The status quo was maintained through the 1990s, while more pieces of rolling stock were picked up. A wood former North Texas Traction interurban box motor was acquired, and restoration and transformation to a deluxe passenger car began. Four more Dallas carbodies arrived in varying states of decay, as well as two ex-Toronto PCCS. Partial restoration has begun on these units, but three are presently stored off-property while the fourth is nearing completion. During 1999, a 17-month rebuilding of McKinney Avenue began, requiring periodic shutdown or shortlining of MATA operations. New storm drains, paving and new trackage in some cases were installed. All of this work was completed by January 2001, and MATA celebrated with yet another 4-trolley parade.

In 1996, Dallas's transit system, DART, began light rail service on two routes from downtown to Oak Cliff and South Oak Cliff southwest of downtown. By 1997, a route from downtown to Park Lane in north central Dallas opened, with the underground Cityplace station opening later. Meanwhile, MATA was developing plans to build two extensions to connect with DART LRT at both ends, one serving the DART Cityplace Station and new condo developments further eastward in the McKinney corridor, and the other reaching the trendy West End entertainment and culinary mecca of Dallas. also serving the DART West End light rail station. The Cityplace extension of what was now called the "M-Line" opened for service on June 27, 2002, and was an immediate transit improvement. MATA and DART fares were now accepted on either system. Indeed, DART has been one of McKinney Avenue Transit Authority's largest backers since nearly its inception. The connection with DART resulted in the institution of early morning weekday service on MATA.

Development of the West End extension, on the other hand, is progressing very slowly. Although some utility relocation work has commenced, no time frame has been announced for the period of construction. For a while MATA ran a connecting historic bus from McKinney and St. Paul, but that has since been discontinued.

Nevertheless, MATA's success in becoming an integral part of a re-emerging neighborhood ensures a bright future. Recently, plans for a second streetcar route in Dallas have surfaced. This would be more of a downtown circulator-type route, but could possibly connect with MATA.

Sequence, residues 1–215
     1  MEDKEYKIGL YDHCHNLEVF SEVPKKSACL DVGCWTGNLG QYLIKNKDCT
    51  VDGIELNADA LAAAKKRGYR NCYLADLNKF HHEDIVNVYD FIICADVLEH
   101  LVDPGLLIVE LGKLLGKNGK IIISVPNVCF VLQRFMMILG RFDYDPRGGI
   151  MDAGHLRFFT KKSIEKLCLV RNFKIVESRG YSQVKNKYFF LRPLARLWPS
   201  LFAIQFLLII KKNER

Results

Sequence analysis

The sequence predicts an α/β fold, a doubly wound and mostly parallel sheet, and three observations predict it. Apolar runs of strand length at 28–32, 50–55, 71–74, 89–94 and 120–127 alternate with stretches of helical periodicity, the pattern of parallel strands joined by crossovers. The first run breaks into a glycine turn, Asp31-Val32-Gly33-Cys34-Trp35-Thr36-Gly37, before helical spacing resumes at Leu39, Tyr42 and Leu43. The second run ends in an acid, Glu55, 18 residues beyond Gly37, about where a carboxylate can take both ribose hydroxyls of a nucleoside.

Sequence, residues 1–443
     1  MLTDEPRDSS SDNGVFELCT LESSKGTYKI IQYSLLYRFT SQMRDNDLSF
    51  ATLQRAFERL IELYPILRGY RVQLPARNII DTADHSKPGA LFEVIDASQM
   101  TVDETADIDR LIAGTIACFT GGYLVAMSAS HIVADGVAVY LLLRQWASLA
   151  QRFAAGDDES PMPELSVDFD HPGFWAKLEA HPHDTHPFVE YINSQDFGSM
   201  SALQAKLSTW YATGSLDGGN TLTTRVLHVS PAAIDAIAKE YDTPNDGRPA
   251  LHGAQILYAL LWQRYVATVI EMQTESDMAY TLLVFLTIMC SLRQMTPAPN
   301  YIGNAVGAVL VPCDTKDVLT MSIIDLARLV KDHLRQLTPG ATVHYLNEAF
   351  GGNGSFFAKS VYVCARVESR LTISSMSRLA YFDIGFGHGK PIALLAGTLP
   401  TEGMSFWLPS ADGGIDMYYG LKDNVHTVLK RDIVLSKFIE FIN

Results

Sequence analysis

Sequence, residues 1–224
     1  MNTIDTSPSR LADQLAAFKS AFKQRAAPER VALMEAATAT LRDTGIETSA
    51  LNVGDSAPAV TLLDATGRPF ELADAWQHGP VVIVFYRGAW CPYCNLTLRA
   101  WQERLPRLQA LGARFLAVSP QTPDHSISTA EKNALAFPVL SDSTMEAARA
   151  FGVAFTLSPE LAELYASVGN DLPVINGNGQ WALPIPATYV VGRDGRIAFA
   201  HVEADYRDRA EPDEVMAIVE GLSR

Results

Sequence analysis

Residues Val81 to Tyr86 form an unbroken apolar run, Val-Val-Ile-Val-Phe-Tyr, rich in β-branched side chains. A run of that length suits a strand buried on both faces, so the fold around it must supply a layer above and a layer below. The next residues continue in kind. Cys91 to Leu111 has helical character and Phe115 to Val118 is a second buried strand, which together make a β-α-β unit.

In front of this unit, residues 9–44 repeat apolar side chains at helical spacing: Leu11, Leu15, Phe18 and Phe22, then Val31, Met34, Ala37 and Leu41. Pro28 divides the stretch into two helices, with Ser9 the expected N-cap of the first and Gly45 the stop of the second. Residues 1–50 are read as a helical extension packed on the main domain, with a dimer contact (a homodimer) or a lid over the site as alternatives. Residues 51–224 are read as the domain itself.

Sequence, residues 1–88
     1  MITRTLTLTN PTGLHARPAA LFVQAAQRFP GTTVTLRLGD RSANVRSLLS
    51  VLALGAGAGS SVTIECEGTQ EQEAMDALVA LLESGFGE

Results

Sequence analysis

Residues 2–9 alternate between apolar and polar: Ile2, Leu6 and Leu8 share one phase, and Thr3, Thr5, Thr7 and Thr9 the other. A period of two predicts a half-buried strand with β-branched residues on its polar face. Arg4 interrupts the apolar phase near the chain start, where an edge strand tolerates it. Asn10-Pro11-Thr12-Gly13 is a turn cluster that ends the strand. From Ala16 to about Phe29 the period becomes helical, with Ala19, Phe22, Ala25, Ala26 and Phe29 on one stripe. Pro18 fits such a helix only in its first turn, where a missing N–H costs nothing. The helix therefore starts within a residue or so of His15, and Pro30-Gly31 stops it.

In November 2006, a city bond package was passed that included money for another MATA expansion. A new line will run down Olive Street (parallel to St. Paul) along the west side of the Art Museum to the DART transit mall. There the line will turn left to the Cancer Survivors' Plaza parallel to DART's tracks. This extension will also allow MATA access to a donated piece of land, which is planned to be used as a second car barn. Preliminary engineering studies have begun on the project.

2012 Updates

On December 13, 2011, MATA celebrated the opening of its new turntable at the end of Cityplace West Blvd. Right now it seems unnecessary since MATA's four operating trolleys are double-ended. However, this is part of an expansion that will allow MATA to operate single-ended streetcars. MATA's Phase 2 expansion, scheduled to open in 2013, is an extension on Olive Street to the DART transit mall. In 2014, MATA plans to open a downtown loop with tracks on Federal Street from Olive to an extension of the current St. Paul tracks. Then MATA can put its ex-Toronto PCCs and other single-ended cars into service. MATA believes its streetcar turntable is currently the only one in North America.